We may no longer have Sen McCain. But we will always have his example — a lodestar for restoring honor to public life & our national dialogue. Mr. Trump may fear such honorable men, but we should revere them.

There is a quiet resistance within the administration of people choosing to put country first. But the real difference will be made by everyday citizens rising above politics, reaching across the aisle & resolving to shed the labels in favor of a single one: Americans.

The writer is a senior official in the Trump administration.


#5

I wonder who it is.


#7

That’s a great question, and I’m sure the guessing game has already started.


#8

This could be another “Lanny Davis episode” that’s entirely fake. it really sounds like a fantasy put together by a committee.

But if it’s real, this person should immediately resign. Why does he/she stay on if he/she thinks Trump is so bad? The pay? The privileges? Is this person so vain that he/she thinks only he/she can save the country by thwarting Trump? Is that vanity so overwhelming that it finally burst the dam and spewed out to a NYT that could be counted on to welcome it?

As Solzhenitsyn said: “…a traitor is like a ferryman. Once he gets you where you want to go, you dont’ need him anymore…”

For this particular traitor, one hopes the perceived “need” for his/her services is short-lived indeed.


#9

Presuming it is legitimate, is it possible that individual holds his or her loyalty first to his or her country?


#10

The anonymous writer of the op-ed piece gave his or her reason for staying. “But we believe our first duty is to this country.”

Now, you (and even I, believe it or not) may disagree that working from within is the best thing he/she could do for his/her country, but why doubt that that’s the reason? It may (or may not) be misguided, but people have been known to do misguided things for love of country since the dawn of humanity. Or at least since we invented countries.


#11

I don’t think so. The following is simply off the wall. Nobody could believe the many people in the cabinet, many of them successful in their own right, are sitting around talking about the 25th Amendment. They could walk off any time they wanted to and curse Trump from the rooftops, but they don’t. And who WOULDN’T precipitate a “constitutional crisis” if they were that upset. After all, that’s what Mueller is trying to do 24/7 and he sure doesn’t fear a “constitutional crisis”. He wants to create one.

No credibility. It’s fake or a deranged product.


#12

Neither you nor I know what cabinet members are sitting around talking about.


#13

Why not? Invoking the 25th was briefly considered by some members of Cabinet during the last years of the Reagan administration, when it was feared his faculties were compromised.


#14

Who? No generalities. Names please.


#15

Also during the last weeks of the Nixon administration, according to a book I read a few years back (wish I could remember the title and author). Apparently he was drinking so heavily at the end people were seriously worried.


#16

We don’t. But we sure do know they don’t have to stay and “put up with” what they are represented as thinking intolerable. They don’t even have to start some impeachment proceeding. The Dems are going to do that anyway. They’ve already started it twice. It just didn’t take. They could walk off in a group and tell the whole country why Trump should be impeached. It would matter a lot.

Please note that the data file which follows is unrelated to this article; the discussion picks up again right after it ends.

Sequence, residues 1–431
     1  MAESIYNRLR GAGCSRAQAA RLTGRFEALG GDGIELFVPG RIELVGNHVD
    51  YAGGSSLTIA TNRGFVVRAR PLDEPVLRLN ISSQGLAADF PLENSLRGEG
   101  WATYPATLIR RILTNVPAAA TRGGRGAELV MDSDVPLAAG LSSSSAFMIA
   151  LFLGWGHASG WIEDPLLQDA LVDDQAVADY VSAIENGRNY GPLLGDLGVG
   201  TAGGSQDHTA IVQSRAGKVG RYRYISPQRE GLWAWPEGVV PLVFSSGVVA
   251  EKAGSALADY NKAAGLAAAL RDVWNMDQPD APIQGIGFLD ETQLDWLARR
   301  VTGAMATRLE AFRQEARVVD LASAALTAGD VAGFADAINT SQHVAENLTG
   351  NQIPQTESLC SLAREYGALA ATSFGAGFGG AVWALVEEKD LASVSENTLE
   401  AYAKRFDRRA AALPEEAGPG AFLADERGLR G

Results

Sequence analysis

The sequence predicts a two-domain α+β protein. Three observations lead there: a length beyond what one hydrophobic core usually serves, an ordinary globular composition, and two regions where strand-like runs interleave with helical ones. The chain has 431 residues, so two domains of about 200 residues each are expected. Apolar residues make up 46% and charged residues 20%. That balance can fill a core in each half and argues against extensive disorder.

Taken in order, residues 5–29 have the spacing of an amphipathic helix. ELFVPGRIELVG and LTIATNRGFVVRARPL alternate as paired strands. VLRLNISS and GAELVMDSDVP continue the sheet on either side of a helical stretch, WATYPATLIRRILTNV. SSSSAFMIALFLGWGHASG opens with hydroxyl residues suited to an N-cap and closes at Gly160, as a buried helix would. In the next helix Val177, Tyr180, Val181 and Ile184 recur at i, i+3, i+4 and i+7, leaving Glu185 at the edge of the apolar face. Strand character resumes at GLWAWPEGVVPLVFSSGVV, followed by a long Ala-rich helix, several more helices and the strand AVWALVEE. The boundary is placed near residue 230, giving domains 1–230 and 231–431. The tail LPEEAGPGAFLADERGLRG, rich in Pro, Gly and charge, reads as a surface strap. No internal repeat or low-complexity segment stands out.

But they don’t. And they don’t because it’s just one more “hate Trump” lie told by a deceptive and partisan NYT.

This particular part is just crazy. Do these people at the NYT hate Trump so much they would be willing to have a war with Russia? What do they want him to do to Russia? Sanctions? That’s already been done. Shoot some Russians in Syria? Already done too.

I have had it with these left wing neocon warmongers.


#17

Maybe this person will give an interview to Bloomberg, and they will release his/her identity.

Probably not. As is the case with Theresa of the leftist media, integrity is a thing of the past.


#18

Trump could start by ceasing to pretend that Putin is some sort of erst-while buddy. I think the British charges against two Russian agents over the Novichok attack tells us all we need to know about the Kremlin; that it is not a friendly power, and that where it will not behave like a good international citizen, it needs to be hemmed in and punished by any reasonable means. Trump’s apparent bromances with people like Putin and Kim Jong-un, while castigating Western allies like Trudeau and Merkel sends the wrong message.


#19

You are a coward. You lack the courage and integrity to reveal yourself.
You are not working against the President, you are working against the people who elected him. You are working against the constitution that makes elections the law of the land.

The day will come when a Democrat is elected president. That person should be forewarned that what progressives are doing today in the “resistance” will be visited on him/her exponentially.


#20

And there is the road we’re going down, and it’s scary. To oppose the president is to oppose the people.

We’ve seen this before, people.


#21

its getting a lot of coverage here in Australia

the plot thickens…If there is any truth to it all I can say is

thankyou to the resistance


#22

the entire presidency has been off the wall … Look at how trump communicates.

Off the wall is no benchmark anymore… .Trump set the new standards of communication